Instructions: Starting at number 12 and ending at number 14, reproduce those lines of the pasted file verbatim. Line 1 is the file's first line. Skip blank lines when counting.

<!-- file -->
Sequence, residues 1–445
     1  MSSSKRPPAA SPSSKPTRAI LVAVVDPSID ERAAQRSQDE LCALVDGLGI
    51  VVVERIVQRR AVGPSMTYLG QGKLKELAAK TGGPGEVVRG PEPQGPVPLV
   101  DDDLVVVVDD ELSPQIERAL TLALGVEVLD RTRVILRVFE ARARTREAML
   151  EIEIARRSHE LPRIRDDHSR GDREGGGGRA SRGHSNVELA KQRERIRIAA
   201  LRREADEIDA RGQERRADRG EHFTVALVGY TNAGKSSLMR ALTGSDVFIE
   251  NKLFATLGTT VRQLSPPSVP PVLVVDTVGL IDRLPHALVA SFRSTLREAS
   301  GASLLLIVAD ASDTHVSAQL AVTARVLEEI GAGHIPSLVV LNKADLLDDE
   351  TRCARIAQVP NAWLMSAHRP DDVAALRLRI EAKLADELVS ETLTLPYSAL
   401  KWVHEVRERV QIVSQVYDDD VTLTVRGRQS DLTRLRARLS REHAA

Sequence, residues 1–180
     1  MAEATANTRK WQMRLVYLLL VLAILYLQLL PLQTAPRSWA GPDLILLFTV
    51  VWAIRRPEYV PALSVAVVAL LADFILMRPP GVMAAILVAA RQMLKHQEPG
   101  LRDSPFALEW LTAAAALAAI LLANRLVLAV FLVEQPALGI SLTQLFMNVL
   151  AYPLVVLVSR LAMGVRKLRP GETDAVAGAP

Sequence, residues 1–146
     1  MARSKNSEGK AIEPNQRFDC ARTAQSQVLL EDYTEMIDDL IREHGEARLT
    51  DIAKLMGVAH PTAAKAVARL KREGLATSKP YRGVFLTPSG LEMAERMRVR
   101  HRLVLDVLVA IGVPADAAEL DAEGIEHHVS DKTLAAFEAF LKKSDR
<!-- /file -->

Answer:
     1  MAEATANTRK WQMRLVYLLL VLAILYLQLL PLQTAPRSWA GPDLILLFTV
    51  VWAIRRPEYV PALSVAVVAL LADFILMRPP GVMAAILVAA RQMLKHQEPG
   101  LRDSPFALEW LTAAAALAAI LLANRLVLAV FLVEQPALGI SLTQLFMNVL